Please note: If high blood cholesterol is suspected, you must see a doctor. This recipe may be used in addition to, not as a substitute for, proper medical treatment. If you are on other heart medication you don’t eat hawthorn berries. The remedy is not suitable if you are diabetic.

Storage: Keep in greaseproof paper in an airtight container in the refrigerator for up to 1 month.

06
Jan
10

All the world’s problems can be solved in a garden

Image: An outside lounge in the backyard of Oregon-based landscape architect Jeffrey Bale. Note the stone mosaic work on the ground. Photo by Allan Mandell from The NY Times.

I’ve been constantly coming back to Geoff Lawton‘s quote since I heard it in Establishing a Food Forest. It so beautifully sums up my philosophy on plants and gardening. While it was the unofficial motto of 2009, let it here be ordained that this year it shall be my main motivator.

To kick off 2010 in good measure,  I need to get myself correct – last year was an appalling one as far as my health is concerned, with tragic turns of events and generally unfortunate circumstances. So I’ve put quite a bit of time these holidays into getting healthier and making sure I stay that way.  And so I wanted to work out how the ‘All the world’s problems can be solved in a garden’ quote could really apply to me right here and now.

I’ve been reading Malcolm Harker‘s Health and Healing Lifestyle Manual, which has provided me with a very good answer of how to incorporate the view of the garden into my own personal wellness. Harker talks about the eight most important ‘doctors’:

Continue reading ‘All the world’s problems can be solved in a garden’

20
Apr
09

The dark side of fruit & veg

apple2I’m just a little perplexed by this article in the Daily Mail. I can’t figure out if it’s another case of bad journalism, some kids taking the mickey or a tragic indictment of the state of our food supply.

I can maybe see what they’re saying about hayfever. I can also see that in diversifying our diet, we eat new compounds that could cause allergic reaction.

I believe though, it’s more likely that kids are actually allergic to the high levels of pesticides in the fruit and veg. The cited celery and bananas being amongst the most pesticide-laden of products.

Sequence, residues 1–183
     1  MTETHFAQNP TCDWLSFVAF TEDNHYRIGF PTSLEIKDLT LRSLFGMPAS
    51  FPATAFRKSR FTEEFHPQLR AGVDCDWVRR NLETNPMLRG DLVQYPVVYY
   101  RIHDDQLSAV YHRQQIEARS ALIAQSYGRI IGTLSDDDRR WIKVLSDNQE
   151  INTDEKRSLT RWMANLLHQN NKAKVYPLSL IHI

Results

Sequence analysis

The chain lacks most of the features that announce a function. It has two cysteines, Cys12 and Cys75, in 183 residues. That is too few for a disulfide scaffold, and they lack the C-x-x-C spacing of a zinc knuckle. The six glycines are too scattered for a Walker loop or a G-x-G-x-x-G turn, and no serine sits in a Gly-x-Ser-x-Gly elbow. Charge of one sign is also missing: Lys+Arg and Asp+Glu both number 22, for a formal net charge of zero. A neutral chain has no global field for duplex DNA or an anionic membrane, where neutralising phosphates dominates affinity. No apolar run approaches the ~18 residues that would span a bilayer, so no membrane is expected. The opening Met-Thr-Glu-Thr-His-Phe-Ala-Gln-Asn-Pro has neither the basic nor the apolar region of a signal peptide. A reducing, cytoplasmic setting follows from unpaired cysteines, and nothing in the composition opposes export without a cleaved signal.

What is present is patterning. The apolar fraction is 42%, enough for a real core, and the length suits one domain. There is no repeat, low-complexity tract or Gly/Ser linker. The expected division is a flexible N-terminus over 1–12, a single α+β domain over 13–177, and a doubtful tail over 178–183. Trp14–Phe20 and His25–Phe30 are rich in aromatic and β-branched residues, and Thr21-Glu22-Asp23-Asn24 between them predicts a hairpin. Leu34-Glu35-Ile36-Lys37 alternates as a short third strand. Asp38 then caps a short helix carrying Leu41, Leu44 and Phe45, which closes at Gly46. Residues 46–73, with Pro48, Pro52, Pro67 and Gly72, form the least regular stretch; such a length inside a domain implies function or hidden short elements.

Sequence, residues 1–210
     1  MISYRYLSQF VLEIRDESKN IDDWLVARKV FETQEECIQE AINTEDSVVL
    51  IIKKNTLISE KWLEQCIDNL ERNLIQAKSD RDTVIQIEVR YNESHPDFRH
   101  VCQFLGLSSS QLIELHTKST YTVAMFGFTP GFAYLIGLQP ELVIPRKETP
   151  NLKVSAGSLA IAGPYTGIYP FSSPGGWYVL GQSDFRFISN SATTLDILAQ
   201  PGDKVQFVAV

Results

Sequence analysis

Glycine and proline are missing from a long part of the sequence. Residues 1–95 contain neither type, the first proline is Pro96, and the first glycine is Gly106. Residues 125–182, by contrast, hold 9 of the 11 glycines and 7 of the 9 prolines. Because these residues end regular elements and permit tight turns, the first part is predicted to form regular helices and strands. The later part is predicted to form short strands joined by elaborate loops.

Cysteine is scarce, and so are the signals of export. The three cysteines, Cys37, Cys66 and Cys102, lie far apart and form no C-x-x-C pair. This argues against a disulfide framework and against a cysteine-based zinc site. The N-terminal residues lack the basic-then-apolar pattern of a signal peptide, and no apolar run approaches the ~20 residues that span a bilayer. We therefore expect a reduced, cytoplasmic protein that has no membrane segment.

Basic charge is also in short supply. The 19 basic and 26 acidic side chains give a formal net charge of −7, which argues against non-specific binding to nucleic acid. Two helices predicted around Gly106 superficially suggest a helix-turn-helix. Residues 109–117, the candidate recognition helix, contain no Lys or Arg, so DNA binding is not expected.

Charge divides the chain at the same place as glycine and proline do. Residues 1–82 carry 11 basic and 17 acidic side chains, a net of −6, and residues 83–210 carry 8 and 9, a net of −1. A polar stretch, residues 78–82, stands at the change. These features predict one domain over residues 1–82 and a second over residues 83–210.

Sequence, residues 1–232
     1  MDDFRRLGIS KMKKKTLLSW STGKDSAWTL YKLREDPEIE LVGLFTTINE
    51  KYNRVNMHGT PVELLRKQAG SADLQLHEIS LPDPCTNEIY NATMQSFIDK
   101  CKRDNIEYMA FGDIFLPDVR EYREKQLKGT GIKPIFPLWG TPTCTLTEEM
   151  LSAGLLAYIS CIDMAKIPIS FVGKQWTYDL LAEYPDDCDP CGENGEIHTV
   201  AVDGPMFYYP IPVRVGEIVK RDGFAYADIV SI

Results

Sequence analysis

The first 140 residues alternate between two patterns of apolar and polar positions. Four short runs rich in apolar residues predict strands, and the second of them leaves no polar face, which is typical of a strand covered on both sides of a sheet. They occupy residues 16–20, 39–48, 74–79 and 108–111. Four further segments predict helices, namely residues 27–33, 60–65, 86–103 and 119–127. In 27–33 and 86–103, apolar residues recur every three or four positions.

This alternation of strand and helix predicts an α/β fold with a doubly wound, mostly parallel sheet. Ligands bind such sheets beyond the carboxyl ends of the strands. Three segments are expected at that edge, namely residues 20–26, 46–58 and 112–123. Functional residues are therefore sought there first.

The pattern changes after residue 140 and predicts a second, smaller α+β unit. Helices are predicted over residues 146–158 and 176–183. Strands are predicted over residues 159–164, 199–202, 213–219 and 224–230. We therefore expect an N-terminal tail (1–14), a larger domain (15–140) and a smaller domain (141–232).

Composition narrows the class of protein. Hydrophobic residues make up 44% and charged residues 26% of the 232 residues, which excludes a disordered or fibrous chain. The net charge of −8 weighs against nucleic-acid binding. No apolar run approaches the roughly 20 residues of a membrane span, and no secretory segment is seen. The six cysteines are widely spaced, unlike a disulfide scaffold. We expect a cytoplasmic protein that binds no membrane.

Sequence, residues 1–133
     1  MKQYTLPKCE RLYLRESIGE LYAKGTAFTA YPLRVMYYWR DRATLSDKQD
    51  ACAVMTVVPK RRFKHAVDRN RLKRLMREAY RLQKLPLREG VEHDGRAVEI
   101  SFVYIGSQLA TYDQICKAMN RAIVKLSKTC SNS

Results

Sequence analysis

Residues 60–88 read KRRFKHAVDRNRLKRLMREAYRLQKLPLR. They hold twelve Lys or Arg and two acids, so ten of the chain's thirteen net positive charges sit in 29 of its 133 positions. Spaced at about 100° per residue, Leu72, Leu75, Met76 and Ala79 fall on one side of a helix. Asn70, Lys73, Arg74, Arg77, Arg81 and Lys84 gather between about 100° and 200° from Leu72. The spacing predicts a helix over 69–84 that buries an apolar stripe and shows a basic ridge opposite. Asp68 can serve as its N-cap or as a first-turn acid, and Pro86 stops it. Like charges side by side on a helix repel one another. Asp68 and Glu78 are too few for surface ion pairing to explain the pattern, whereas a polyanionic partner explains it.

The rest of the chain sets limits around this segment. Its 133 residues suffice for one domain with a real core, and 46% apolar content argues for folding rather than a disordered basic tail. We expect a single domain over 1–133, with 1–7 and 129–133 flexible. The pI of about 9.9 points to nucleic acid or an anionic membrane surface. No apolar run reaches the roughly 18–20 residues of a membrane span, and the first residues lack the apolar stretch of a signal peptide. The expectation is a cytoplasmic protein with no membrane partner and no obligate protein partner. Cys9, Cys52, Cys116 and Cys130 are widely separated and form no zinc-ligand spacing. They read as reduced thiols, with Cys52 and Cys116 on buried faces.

But such horrible headlines! ‘The tiniest piece of celery can leave me gasping for breath’: Rising number of children allergic to fruit and veg.

Ridiculous scaremongering for those that only read the sensationalist headlines. All the good work that’s been done on promoting healthy eating in England will have just taken a giant step backward.

20
Jan
09

Learning From The Elders on The Internet

dsc01420Terrific work is happening in the recording of traditional food knowledge (TFK) from indigenous people around the world. TFK refers to the cultural tradition of sharing food, recipes and cooking skills and techniques and passing down that collective wisdom through generations. I see this as a very important for two reasons:

1 – To help populations regain their connection to the land, keep their traditional knowledge and reclaim their identity, health and mana.

2 – I’d like to believe that it’s now pretty well understood that many modern intensive-agricultural methods aren’t beneficial to the environment or mankind. We need to take a look at different ways people beneficially work with the land and apply some of the lessons to our own little piece of the earth.

Indigenous Nutrition is a fantastic website with seven quality webisodes exploring the traditional knowledge of seven different peoples, and what they’re doing to keep it. The focus is primarily on health issues. This is an excellent resource and will hopefully inspire others to do similar things within their communities.

From a New Zealand viewpoint, Te Ara covers Māori food production economics and The National Library does a brief introduction to traditional knowledge. The Māori Plant Use database allows easy access to records on traditional uses of NZ native plants. The same people (Maanaki Whenua, who incidentally have a wonderful bookstore) also provide excellent information on harakeke (NZ flax, Phormium spp.).

A lot of work is being done in this area and it would be great to see more resources online in the near future. If you’ve got any great links in this area, please share in the comments.

25
Oct
08

Make Your Own Herbal Multi-Vitamins

Treasure! I’ve just been sorting out some old books and this piece of paper dropped out of it. A recipe for herbal health capsules given to me about 20 years ago.

All the ingredients are pretty easy to get. I have most of them in my garden or cupboard and I’ll sprout some alfalfa especially for it. Watercress and kelp usually aren’t a problem to find in NZ. Considering good quality multi-vitamins cost about NZ$40 a month right now, I’m really keen to give this a go. This should only cost me the gelatine caps, or if I wanted to cut it down even further, use one of my husband’s cigarette papers to wrap it up in to swallow (not half as bad as it sounds).

88888 Disclaimer: I haven’t tried this, I don’t vouch for it. I am not a trained nutritionist, doctor, or herbalist. But since these are all things I would eat anyway, I’m willing to give it ago. 88888

Continue reading ‘Make Your Own Herbal Multi-Vitamins’




Advertisements

Enter your email address to follow this blog and receive notifications of new posts by email.

Social Media

Follow Me on Pinterest
OOOOBY
October 2017
M T W T F S S
« Feb    
 1
2345678
9101112131415
16171819202122
23242526272829
3031  

%d bloggers like this: